WASHINGTON — The Justice Department announced today the settlement of a lawsuit against Kane County, Ill., alleging violations of the rights of Spanish-speaking voters under the Voting Rights Act. The settlement agreement with Kane County requires the county to provide all voting materials and assistance in Spanish as well as in English and ensures that limited English-proficient voters can receive assistance from the persons of their choice. It also permits the Justice Department to monitor future elections.
“Every citizen has a right to vote, regardless of what language they speak,” said Rena J. Comisac, Acting Assistant Attorney General for Civil Rights. “Today’s agreement removes a procedural impediment to voting which hindered significant numbers of language minority citizens from exercising that right. The county should be congratulated for resolving the issue quickly and constructively.”
“The right to vote is a fundamental guarantee for all American citizens,” said Patrick J. Fitzgerald, U.S. Attorney for the Northern District of Illinois. “Without the assistance necessary to ensure equal access to the polls, Spanish speakers cannot exercise that right effectively. We are pleased that the county has agreed to resolve this complaint.”
The complaint charged that the county failed to provide Spanish-language assistance at the polls to the majority of its Spanish-speaking voters in recent elections and that the county prevented Spanish-speaking voters from receiving assistance from the persons of their choice, even in cases where bilingual assistance was otherwise unavailable. The settlement agreement resolves all of the charges in the complaint and was filed today in the U.S. District Court for the Northern District of Illinois contemporaneously with the complaint and an accompanying order allowing federal observers to monitor Election Day activities in its polling places. The order still must be approved by a panel of three judges.
The Voting Rights Act requires that certain jurisdictions with a substantial minority-language voter population, which includes Kane County, provide all voting materials and assistance in the minority language as well as in English. The Act also assures voters who need assistance in voting, such as those unable to see or read the ballot, the right to receive that assistance from a person of their choice, other than the voter’s employer or union representative.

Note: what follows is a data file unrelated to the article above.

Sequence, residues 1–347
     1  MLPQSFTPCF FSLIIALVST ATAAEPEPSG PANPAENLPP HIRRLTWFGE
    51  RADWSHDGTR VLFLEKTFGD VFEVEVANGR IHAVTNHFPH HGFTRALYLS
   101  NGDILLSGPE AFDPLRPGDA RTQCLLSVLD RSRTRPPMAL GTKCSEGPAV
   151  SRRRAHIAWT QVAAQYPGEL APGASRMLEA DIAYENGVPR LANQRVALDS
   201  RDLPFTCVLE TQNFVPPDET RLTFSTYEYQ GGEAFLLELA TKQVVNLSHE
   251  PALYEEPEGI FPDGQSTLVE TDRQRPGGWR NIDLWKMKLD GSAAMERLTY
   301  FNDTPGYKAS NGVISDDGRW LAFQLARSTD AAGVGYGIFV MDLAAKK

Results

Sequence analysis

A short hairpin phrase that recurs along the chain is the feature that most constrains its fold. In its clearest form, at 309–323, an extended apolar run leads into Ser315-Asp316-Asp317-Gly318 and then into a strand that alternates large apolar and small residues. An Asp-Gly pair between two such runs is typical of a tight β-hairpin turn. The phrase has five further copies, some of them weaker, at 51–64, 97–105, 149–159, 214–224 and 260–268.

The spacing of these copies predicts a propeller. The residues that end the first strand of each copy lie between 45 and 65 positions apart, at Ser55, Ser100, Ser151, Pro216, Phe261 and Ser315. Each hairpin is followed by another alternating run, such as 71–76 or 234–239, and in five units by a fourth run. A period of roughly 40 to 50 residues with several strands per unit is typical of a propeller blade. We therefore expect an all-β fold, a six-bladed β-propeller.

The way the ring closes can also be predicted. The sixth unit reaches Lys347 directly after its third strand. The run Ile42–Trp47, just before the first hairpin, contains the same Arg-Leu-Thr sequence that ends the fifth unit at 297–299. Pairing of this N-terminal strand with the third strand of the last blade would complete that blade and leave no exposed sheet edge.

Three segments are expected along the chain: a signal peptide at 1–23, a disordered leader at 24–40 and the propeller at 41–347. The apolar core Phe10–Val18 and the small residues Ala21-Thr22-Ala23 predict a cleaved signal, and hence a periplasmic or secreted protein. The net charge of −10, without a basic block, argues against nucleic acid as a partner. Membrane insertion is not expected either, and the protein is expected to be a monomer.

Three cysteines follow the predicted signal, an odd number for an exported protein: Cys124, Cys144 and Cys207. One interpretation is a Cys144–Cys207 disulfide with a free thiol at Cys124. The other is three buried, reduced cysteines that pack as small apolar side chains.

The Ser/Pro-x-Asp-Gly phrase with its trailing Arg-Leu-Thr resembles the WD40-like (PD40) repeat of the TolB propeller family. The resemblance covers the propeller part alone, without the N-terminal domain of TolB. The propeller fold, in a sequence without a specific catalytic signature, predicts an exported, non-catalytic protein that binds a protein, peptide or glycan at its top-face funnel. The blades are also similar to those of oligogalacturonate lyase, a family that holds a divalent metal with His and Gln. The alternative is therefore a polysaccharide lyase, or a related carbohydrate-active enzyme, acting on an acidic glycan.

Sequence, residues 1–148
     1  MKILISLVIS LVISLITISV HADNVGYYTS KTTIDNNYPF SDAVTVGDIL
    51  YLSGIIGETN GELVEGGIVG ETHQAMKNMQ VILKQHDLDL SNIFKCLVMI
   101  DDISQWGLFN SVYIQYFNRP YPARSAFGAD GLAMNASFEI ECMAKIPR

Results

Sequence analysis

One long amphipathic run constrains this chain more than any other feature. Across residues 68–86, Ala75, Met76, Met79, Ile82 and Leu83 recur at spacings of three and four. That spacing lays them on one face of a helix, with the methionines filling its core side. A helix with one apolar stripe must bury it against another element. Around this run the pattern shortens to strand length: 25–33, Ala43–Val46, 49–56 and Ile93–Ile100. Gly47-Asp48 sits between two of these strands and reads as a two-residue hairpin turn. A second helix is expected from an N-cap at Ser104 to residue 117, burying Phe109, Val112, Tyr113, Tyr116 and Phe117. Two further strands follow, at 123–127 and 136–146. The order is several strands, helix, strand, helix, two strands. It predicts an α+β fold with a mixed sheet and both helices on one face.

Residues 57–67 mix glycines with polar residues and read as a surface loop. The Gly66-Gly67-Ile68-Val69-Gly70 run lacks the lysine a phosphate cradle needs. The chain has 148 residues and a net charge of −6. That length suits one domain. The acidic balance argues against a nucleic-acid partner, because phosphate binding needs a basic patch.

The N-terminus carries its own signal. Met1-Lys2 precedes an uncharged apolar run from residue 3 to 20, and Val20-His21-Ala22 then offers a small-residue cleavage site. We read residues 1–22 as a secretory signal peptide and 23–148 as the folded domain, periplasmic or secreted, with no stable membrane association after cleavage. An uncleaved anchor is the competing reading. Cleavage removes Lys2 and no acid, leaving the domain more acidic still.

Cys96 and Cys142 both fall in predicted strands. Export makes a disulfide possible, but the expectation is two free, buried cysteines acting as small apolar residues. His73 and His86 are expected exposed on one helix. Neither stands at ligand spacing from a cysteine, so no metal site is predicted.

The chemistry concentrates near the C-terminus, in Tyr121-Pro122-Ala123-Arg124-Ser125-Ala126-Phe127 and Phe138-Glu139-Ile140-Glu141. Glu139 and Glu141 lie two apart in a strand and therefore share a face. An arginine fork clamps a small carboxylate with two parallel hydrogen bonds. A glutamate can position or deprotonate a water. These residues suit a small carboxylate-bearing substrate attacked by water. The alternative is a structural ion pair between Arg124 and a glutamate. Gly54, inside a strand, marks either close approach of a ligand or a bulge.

Since 2002, the Division has brought more than twice the number of lawsuits to enforce the minority language provisions of the Act than it brought in the preceding 26 years combined; all but one of the lawsuits were to enforce the assistance provision of the Act. During this time period, the Division has filed successful Voting Rights Act lawsuits across the country, with cases in Arizona, California, Florida, Georgia, Massachusetts, New York, Pennsylvania,Tennessee, Texas and Washington, and has filed the first cases in its history on behalf of Filipino, Korean, Haitian, and Vietnamese American voters.
To file complaints about discriminatory voting practices, including acts of harassment or intimidation, voters may call the Voting Section of the Justice Department’s Civil Rights Division at 1-800-253-3931. More information about the Voting Rights Act and other federal voting laws is available on the Department of Justice Web site at www.usdoj.gov/crt/voting/index.htm.